Kult Pamięci
history - remembrance - oblivion

 the Battle of Tannenberg
 the cult of Marshal Hindenburg
 Hindenburg's funeral
 the history of the appearance of the  monument
 the Tannenberg-Denkmal monument
 a new national symbol
 the ideological nature of the  monument
 the history of the monument
 Stalag IB Hohenstein
 places of remembrance
the Grunwald monument
cemetery in Sudwa
cemetery in Drwęck
small Tannenberg
 traces of memory - trip one
 the cult of memory
 the project
 broken links between memory and  history
 Pierre Nora, Between Memory and  History Les lieux de Memoire  (a fragment)
 a mock-up of the monument
 the location
 the monument dispersed
 the erasure of history
 the present condition - debris

 the archive

Grunwald monument

The Monument to the Victory of Grunwald

After the war, on 14th and 15th July 1945, during the official celebrations of the 535 anniversary of The Victory of Grunwald a corner stone of the future Monument to Slavic Unity was laid on the area of the famous battle. With the same goal in mind, there was also a project devised to make a Pan-Slavic National Park. In April 1974, The Provincial Council in Olsztyn appointed the Committee for the Building of the Grunwald Monument on the site of the historic battle. Plans were also made to use building material from the partially ruined Tannenberg Memorial, destroyed by the retreating German army, to construct the Monument of the Victory of Slavs over the Germans. Several designs for the monument were prepared, yet none of the proposals was ever realised.

On 15th July 1947, on the 537 Anniversary of The Victory of Grunwald, the corner stone for a future monument was laid again, the monument only finally being erected in 1960.

The design of the Monument was selected from proposals submitted in a closed architectural-sculptural competition, organised from 20th October 1958 to 1st March 1959 by the Society of Polish Sculptor-Artists (SARP), the Association of Polish Artists and Designers (ZPAP) and the Ministry of National Defence on the order of the Secretary of the National Polish Committee of the Front of Unity of the Nation (FJN) and the Presidium of the Preparatory Committee for the Celebrations of the Millennium of the Polish State.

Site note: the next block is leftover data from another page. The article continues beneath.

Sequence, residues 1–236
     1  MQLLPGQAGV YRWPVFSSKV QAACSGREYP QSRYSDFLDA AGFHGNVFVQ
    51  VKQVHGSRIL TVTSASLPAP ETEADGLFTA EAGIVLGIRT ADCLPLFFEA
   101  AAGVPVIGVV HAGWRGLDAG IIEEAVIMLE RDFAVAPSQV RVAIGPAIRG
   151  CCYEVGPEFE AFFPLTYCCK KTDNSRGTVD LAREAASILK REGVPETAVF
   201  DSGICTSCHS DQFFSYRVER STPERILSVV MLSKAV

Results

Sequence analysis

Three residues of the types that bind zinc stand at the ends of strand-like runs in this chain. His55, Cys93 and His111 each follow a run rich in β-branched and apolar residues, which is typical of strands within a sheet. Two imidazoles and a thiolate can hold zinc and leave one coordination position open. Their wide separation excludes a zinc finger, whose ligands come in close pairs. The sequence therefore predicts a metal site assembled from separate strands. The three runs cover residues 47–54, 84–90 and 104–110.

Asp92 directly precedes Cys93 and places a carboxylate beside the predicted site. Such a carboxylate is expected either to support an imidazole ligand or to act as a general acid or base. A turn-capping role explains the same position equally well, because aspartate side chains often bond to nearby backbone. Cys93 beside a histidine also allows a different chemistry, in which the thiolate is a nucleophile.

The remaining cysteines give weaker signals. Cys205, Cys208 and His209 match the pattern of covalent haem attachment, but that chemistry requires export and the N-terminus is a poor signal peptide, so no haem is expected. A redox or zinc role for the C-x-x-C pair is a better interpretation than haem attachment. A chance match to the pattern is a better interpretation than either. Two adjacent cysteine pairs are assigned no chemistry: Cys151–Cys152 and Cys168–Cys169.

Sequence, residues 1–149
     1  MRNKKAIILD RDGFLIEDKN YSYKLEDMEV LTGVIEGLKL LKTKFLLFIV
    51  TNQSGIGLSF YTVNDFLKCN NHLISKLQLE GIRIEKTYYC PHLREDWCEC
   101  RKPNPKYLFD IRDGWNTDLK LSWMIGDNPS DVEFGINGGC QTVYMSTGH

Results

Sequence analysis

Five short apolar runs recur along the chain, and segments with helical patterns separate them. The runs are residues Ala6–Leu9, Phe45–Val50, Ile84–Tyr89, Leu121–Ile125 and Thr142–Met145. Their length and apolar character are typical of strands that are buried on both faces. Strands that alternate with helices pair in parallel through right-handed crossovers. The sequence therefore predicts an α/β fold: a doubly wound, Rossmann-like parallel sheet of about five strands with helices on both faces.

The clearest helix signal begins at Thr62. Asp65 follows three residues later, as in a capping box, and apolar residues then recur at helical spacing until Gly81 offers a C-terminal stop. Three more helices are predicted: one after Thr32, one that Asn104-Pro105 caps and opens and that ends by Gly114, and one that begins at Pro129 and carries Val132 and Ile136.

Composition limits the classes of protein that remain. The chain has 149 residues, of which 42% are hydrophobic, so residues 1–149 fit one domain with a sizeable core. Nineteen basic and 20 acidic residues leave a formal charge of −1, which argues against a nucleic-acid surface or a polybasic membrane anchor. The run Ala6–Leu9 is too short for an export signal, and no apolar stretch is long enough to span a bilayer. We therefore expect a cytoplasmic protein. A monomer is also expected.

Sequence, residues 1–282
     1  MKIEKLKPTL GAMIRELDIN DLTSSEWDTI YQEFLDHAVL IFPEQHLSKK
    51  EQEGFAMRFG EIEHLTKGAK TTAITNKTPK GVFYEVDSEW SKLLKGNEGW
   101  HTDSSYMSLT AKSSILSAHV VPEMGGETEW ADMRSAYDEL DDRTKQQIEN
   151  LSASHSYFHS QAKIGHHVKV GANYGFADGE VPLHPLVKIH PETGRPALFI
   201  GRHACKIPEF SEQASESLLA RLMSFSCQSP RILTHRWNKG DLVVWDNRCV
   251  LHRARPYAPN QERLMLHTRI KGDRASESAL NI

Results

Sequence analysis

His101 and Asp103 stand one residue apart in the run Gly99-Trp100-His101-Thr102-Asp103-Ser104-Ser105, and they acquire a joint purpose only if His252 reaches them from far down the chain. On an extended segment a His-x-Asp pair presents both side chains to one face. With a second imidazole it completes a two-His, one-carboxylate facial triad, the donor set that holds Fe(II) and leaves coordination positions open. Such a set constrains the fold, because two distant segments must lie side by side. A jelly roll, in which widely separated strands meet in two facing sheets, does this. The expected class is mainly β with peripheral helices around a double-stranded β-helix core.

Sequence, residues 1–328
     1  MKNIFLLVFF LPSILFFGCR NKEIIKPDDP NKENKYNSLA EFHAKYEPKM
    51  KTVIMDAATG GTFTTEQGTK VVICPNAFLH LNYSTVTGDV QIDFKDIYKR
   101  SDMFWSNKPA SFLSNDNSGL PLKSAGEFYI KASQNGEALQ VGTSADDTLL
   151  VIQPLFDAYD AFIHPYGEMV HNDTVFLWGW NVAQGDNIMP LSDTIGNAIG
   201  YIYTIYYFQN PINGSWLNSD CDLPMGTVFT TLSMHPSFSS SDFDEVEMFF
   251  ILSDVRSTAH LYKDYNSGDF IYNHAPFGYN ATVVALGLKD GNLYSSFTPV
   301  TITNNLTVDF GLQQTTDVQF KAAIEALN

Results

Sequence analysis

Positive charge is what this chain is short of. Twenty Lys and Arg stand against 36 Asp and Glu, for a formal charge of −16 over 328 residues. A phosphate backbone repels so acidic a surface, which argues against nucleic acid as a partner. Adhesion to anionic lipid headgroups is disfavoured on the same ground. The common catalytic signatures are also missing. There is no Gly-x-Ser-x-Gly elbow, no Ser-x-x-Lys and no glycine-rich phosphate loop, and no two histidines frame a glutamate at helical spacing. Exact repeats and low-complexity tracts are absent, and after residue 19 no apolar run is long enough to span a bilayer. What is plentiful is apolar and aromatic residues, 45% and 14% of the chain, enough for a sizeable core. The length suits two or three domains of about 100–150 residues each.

Six teams participated in the competition: Ludwika Nitschowa and Jerzy Staniszkis; Jerzy Hryniewiecki and Marian Wunk; Jerzy Jarnuszkiewicz and Włodzimierz Wittek; Adam Haupt and Adam Smolana; Romuald Gutt, Alina Scholz and Franiszek Strynkiewicz; and, Jerzy Bandura and Witold Cenckiewicz. On 7th March 1959 the competition jury selected the design of Jerzy Bandura for realisation.

On a subsequent anniversary of the historic battle (the 550th), 17th July 1960, the Grunwald Monument by Jerzy Bandura and the architect Witold Cenckiewicz, was officially unveiled. The other people who co-operated with work on the monument being Helena and Roman Husarskis, Maria Letkiewicz, Józef Poręba, and Józef Zięba, along with 30 sculptors, masons, engineers and other specialists. In constructing the monument, a large spatial project was realised, which attracted crowds of thousands of people to the amphitheatre, the terrain of the battlefield itself being depicted as a three-dimensional map of the historic event. The central point of the monument was located in an octagonal granite obelisk with the schematic faces of Slavic warriors in the corners, next to a 30-metre high and lofty composition made from steel objects, reminiscent of masts with pennons. In addition to this, a 3-D map of the Grunwald Battle was placed in front of an amphitheatre. According to the designers of the complex, the simple forms used were meant to help one's imagination to reconstruct the historic event.

"Our project," Jerzy Bandura said, "is based on a traditional model of Calvary, i.e. a certain route, divided by sculptural and/ or architectural accents, along which the pilgrims or the tourists walk. The route itself is loop-shaped, being about 1,5 kilometres in length. (...) Visiting the battle field myself, I realised that this form facilitates the most intense "experiencing" of the area and the events which once happened here. This form offers the most intense contact with the field, the land".

(Interview with prof. Jerzy Badura, Słowo Powszechne nr 61 z 13 III 1959)

(Prepared after Irena Grzesuk-Olszewska's book Polska Rzeźba Pomnikowa w latach 1945-1995)

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A fragment of the obelisk during its mounting, the 1960s.

A view of the architectural complex on Grunwald fields, the 1970s.

The granite obelisk with the faces of Slavic warriors, photo from the 1960s.

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